An important question that arises is whether in chronic neuropathic pain conditions, continuous driving forces such as elevated levels of cAMP sustain the sensitization of mechanotransduction leading to allodynia. Recently, a specific Epac antagonist has been developed and could prove useful in testing whether it can reverse chronic mechanical allodynia [3].

Central mechanisms implicated in the development of mechanical allodynia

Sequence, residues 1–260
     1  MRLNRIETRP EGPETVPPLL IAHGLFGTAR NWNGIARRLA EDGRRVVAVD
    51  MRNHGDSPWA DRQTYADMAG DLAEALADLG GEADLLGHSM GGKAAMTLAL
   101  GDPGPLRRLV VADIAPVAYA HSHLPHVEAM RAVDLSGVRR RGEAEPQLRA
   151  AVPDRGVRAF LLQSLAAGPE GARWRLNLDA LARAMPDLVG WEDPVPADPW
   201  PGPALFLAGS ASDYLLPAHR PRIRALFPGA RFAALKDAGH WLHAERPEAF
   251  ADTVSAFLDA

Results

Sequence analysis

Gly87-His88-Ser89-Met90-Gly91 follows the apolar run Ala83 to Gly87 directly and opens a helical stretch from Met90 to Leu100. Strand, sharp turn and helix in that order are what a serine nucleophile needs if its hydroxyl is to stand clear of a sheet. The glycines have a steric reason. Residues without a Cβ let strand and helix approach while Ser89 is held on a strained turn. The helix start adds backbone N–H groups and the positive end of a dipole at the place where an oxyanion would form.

A variety of central mechanisms have been implicated in the establishment of allodynia, including phenotypic changes in peripheral and central neurons as well as an important role for cells of the immune system. Perhaps, the most surprising aspect of nerve damage-related allodynia is the critical role of activated microglia within the central nervous system in this phenomenon, at least in rodent models of these conditions [4]. Sensory neurons are known to play an important role in wound healing through the release of immunoregulatory molecules and mitogens that catalyse the response to injury associated with damaged nerve. One way of thinking about the role of microglia in neuropathic pain is to imagine that the same signals are aberrantly released from seriously damaged nerves both centrally and peripherally, and the recruitment and activation of microglia centrally may be an unfortunate spin-off from the normal neuro-immune interplay involved in wound healing in the periphery. Activation of the ionotropic ATP receptor P2X4 expressed by microglia leads to the release of mediators such as brain-derived neurotrophic factor (BDNF) that can alter chloride transport in the terminals of sensory neurons and dorsal horn neurons, leading to altered patterns of excitability that have been linked to allodynia [4, 38]. Recent evidence suggests that diabetic neuropathy leading to allodynia also involves microglia in animal models [41].